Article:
The writer is director of the Social Market Foundation think tank
For more than a decade, the British state has been retreating. This irregular withdrawal has been unplanned and inconsistent, felt hardest in the poorest places and by people who lack strong voices. Until this Conservative leadership race sparked echoes of Margaret Thatcher’s call to “roll back state lines” among Liz Truss supporters, it too was largely ignored.
Local public services, often the area where the cuts have the most impact on the ground, receive little attention from decision-makers physically and intellectually concentrated in the well-resourced capital. Library closures and reduced bus schedules do not dominate the Prime Minister’s Questions or the front pages. Even hungry kids needed Marcus Rashford’s celebrity campaign to get noticed.
New revelations about inadequate policing could make the question of where to draw the line more salient. What does the public have the right, even minimally, to expect? The Victims Commissioner notes that serious crimes, such as rape, are rarely even prosecuted. Last week, the police inspectorate criticized the regularly unsolved burglaries and thefts. Install a tracker on your car or cameras on your home and provide officers with actionable evidence and they might investigate. If not, case closed.
The most glaring failure is fraud. Stealing money via cards, phones or the internet has indeed been decriminalised, so law enforcement is ill-equipped to respond. When the money was taken from my account, the bank’s anti-fraud team was surprised when I suggested contacting the police: “People don’t usually care.”
The next place where retirement will be sounded is in schools facing downturns and high energy bills. Again, affluent neighborhoods suffer less, with parents able to raise funds to make up the difference. But will it even spark a debate about what can be left to private funds or charities? The self-sufficiency demanded of citizens when services are abandoned may sound like David Cameron’s ‘great society’, but the regressing state is not ultimately about the former prime minister and his austerity agenda. It is the result of structural failures in the way we raise and spend money.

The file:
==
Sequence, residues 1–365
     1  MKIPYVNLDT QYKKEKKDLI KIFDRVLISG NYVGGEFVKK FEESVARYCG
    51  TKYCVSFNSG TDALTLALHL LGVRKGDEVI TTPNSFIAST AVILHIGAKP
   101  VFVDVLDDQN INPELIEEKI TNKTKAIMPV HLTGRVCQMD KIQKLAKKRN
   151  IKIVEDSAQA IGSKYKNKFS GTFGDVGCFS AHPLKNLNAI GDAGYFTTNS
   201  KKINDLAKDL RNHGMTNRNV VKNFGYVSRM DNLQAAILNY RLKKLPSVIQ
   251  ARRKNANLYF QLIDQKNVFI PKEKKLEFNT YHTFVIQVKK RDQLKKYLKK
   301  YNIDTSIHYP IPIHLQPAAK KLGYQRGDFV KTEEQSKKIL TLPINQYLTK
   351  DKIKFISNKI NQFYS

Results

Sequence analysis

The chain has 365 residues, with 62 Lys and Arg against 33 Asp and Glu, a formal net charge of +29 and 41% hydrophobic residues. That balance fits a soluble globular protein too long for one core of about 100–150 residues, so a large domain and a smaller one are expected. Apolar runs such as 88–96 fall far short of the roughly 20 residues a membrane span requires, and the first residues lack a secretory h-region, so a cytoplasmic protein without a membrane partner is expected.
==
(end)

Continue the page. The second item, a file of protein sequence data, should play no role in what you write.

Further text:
Local government finances are not only insufficient, they are broken. Ridiculously, council tax is based on land values established in 1991, but no politician dares extract money from real estate assets that have seen decades of undeserved growth.
And an unreformed health and care system is developing inexorably to serve (more and more badly) an aging population. On current trends, health will take up half of all departments’ day-to-day expenses, leaving all other parts of the state to fight for what’s left. Without major changes, the only result may be further unraveling of state benefits at all levels.
The structural public service deficit stems from an awkward truth of British politics: we want to pay US taxes and expect European services. The Truss champions are sputtering that the UK tax burden is the highest for 70 years. True, but the British still pay significantly less tax than most Europeans who enjoy more generous services.
Few politicians even attempt to bridge the gap between our tax and service expectations, let alone confront voters with dissonant demands. They offer heartwarming stories of tax cuts and a better NHS – nothing on debt interest which will soon cost more than the health service.
The bravest leaders would tell voters that they can and should generate more revenue, especially from inflated land values. And that there is fat to cut, starting with universal gifts that unnecessarily favor the wealthiest. Bankers’ children don’t need free school meals. Their grandparents don’t need winter fuel payments. These families would save even without tax relief.
Politics comes down to hard choices. Tax better and spend better. Or accept the continued withdrawal of the British state, in a way that more voters will notice – and resent.